A lot of people believed Federico Fellini was abandoning his Italian neorealism roots after he did La Dolce Vita and many Italians considered him somewhat of a traitor. The roots of neorealism came from the directors of Roberto Rossellini, Luchino Visconti, and Vittorio De Sica, near post-war cinema and Fellini started venturing off into dreams, jungles of Freudian, Christian, sexual, autobiographical images, hallucinations and the grotesque of the circus. He started adding in more fantasy surreal elements and was slowly moving away from his original style which started from I Vitelloni which was based on his relationships and friends in Italy, La Strada, which told a tragic story of a traveling circus entertainer who loved an emotional and abusive man and Nights of Cabiria, about a prostitute who wanted something more and was searching for love. After that, Fellini's symbolism began to overstep the boundaries of his narrative. The huge statue of Christ carried by a helicopter above eternal Rome in the opening scene of La Dolce Vita became an iconic scene, but no one really understood it, and that film started to lose grasp on his neorealism style and venture off into more of a dream like narrative.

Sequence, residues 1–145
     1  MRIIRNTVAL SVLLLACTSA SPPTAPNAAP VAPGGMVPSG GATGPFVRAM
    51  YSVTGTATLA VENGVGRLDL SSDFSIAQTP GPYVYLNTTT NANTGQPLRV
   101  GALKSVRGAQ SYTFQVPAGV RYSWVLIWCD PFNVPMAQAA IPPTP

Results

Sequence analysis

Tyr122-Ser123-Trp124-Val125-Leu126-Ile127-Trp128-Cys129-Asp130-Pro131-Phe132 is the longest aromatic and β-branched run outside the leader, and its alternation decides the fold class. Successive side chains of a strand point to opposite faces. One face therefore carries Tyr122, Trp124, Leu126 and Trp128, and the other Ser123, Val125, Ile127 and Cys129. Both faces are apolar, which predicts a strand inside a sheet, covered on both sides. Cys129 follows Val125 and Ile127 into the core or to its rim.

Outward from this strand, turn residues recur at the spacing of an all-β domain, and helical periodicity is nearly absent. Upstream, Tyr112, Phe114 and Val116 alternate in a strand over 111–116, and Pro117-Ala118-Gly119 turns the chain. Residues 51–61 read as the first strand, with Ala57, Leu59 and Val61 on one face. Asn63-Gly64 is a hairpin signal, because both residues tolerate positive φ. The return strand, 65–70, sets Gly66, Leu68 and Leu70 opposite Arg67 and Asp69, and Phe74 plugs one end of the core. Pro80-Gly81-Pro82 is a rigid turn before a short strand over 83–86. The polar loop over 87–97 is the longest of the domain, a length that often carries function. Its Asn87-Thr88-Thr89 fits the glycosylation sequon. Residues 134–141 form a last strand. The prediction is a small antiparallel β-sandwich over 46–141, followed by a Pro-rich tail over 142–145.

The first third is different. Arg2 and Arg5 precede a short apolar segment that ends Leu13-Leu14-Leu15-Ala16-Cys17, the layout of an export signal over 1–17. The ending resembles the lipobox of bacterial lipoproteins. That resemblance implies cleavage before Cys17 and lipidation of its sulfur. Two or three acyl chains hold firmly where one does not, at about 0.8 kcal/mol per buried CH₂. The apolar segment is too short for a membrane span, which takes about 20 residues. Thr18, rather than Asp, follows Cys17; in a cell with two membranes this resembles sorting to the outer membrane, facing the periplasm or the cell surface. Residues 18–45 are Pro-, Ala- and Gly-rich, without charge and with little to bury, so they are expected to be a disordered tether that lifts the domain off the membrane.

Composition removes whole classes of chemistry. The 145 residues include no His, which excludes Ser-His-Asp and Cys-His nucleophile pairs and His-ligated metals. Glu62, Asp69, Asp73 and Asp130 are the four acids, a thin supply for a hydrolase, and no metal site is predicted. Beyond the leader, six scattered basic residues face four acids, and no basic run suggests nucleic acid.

When he got to 8 ½ a lot of people realized that the film was completely different from the films he started out directing and was a film full of dreams, flashbacks and breaks from reality into non reality. After he was finished with 8 ½ and did Juliet of the Spirits, Fellini Satyricon, and Fellini Casanova, many people thought Fellini had lost it and gone off the deep end. I believe that his films after 8 ½ weren't the masterpieces of his older films and besides for Amarcord which was more an exaggerated portrait of his childhood, 8 ½ was his last great film. But I believe the style he slowly developed in La Dolce Vita and in 8 ½ created his own auteur theory and a signature to his films which many people today now refer to as 'Felliniesque.' When 8 ½ was first released a lot of people were confused and couldn't tell the difference between what was reality and was fantasy, but after enough viewings I personally find it quite simple to tell the two apart. Incidentally, there is some confusion over why the film is titled 8 ½. The truth is that the film’s final title 8½ refers to the number of films Fellini directed to that point which was six features, two short (½) films, and his first film, half a feature, Luci del Varieta, which he co-directed with Alberto Lattuada, totaling 7½ films. This was therefore his 8½ film.